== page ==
For those suffering from bereavement, a candid, moving book of commiseration and encouragement.

PARIS WITHOUT HER

A MEMOIR

An aching memoir of life as a widower.

She was a striking vision of beauty and intelligence, writes former Texas Monthly editor Curtis about his first glimpse of Tracy, who would become his wife, at the magazine’s office in 1974. “I still know precisely what I was thinking at that moment—nothing. I couldn’t think,” he recalls. Eventually, he came up with the words to woo her—but that comes later, for the author’s next memory is of Tracy as she passed away nearly 40 years later, felled by cancer caused by her history as “a defiant smoker.” The first injury after his tragic loss came in the form of an officious minister who contradicted Curtis’ eulogy by citing Tracy’s fear. “She didn’t want to die,” he writes, “but that’s not the same thing as being afraid.” Clearly, she loved life, especially time spent in her beloved Paris. A second injury involved the ministrations of “well-meaning acquaintances” struggling to say something useful: “They want to show their concern, so they trap you and ask a series of questions—always the same ones—which you have had to answer time and again with other casual acquaintances in similar situations.” Curtis returned to Paris to visit the places the couple loved, but he also branched out to make discoveries of his own and, bravely, enrolled in language classes with students a third his age. His genially learned evocations of Paris are somewhat more lightly worn than those of Adam Gopnik’s Paris to the Moon, but they’re just as informative. Though readers will feel Curtis’ pain, they will also share his joy—and perhaps relief—at being in a place both beautiful and anonymous. “Paris was not at all hostile, but Paris didn’t care whether I was there or not,” he writes, finding comfort as a stranger in places both familiar and unknown.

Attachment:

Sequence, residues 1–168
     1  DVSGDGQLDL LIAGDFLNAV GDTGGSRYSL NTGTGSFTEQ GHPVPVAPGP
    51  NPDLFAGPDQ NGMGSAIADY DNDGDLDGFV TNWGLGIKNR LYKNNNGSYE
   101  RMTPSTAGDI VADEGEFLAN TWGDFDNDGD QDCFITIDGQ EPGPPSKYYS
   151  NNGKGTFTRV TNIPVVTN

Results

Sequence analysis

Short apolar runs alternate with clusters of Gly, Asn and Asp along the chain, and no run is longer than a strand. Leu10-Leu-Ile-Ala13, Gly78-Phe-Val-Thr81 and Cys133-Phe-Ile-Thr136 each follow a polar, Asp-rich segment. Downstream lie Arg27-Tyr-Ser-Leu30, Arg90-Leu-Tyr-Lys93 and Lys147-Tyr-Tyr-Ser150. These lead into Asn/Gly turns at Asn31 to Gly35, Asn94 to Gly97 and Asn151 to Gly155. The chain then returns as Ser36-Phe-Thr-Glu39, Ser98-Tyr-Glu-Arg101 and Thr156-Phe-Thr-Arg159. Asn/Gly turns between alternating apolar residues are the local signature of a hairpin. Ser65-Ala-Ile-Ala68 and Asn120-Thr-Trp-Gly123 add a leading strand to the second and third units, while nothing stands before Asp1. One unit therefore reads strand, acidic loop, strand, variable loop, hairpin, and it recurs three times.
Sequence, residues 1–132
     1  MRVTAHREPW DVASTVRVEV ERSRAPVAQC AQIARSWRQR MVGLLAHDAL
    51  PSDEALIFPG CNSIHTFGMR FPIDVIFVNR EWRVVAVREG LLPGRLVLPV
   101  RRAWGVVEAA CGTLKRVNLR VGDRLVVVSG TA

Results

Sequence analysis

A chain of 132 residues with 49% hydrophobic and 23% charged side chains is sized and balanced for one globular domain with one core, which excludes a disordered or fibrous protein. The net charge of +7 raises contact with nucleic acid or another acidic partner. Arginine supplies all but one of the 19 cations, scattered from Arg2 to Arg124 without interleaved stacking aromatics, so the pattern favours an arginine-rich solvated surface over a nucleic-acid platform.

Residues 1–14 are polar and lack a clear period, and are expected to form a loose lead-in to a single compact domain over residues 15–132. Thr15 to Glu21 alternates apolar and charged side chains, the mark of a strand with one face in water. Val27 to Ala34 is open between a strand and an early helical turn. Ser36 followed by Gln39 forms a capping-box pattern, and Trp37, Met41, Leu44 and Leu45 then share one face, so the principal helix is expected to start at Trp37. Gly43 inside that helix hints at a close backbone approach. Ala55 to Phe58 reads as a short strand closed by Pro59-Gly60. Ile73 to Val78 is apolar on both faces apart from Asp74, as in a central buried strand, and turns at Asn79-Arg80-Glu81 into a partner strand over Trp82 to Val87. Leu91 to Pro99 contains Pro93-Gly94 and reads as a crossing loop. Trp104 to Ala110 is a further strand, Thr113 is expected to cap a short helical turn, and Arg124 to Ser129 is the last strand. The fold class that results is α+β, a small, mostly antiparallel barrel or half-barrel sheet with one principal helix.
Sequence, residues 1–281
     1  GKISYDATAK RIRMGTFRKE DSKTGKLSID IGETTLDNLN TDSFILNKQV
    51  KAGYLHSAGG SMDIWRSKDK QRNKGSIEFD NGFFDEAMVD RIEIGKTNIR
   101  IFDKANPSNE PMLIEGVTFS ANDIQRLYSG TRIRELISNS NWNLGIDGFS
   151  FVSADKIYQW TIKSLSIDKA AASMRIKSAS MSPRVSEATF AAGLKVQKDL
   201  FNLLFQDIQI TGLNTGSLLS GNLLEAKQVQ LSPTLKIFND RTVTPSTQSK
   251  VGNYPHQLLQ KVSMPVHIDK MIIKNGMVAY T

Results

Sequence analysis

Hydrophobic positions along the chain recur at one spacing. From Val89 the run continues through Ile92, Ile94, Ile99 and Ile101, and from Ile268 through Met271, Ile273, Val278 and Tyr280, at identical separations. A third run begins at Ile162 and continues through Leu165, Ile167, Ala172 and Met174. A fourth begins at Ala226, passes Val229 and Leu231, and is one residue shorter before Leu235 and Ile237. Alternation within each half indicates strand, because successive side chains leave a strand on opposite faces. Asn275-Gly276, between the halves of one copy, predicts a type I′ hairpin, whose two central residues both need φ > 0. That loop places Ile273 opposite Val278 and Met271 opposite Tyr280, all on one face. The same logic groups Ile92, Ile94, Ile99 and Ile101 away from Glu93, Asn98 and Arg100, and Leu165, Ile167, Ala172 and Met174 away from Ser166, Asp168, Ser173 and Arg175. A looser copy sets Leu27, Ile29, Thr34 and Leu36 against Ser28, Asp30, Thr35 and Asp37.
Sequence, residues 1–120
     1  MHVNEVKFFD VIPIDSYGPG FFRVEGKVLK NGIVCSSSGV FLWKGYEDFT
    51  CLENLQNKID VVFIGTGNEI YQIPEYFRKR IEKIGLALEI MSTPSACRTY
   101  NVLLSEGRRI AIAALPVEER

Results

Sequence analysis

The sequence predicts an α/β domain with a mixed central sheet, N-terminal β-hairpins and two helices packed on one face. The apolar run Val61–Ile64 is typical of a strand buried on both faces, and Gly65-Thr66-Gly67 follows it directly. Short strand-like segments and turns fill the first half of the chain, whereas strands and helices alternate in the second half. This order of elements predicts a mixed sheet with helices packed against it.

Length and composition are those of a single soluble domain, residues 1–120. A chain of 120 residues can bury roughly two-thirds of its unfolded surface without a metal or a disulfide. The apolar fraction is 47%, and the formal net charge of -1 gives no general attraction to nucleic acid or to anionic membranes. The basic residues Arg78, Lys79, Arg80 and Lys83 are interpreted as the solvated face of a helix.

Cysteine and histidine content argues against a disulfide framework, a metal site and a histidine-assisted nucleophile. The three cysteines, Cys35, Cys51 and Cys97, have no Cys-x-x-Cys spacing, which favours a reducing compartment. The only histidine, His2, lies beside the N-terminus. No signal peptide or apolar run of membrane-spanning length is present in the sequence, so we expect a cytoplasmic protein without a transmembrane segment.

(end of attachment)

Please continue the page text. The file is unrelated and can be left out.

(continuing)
For those suffering from bereavement, a candid, moving book of commiseration and encouragement.

Pub Date: April 20, 2021

ISBN: 978-0-525-65762-0

Page Count: 256

Publisher: Knopf

Review Posted Online: Jan. 27, 2021

Kirkus Reviews Issue: Feb. 15, 2021

Did you like this book?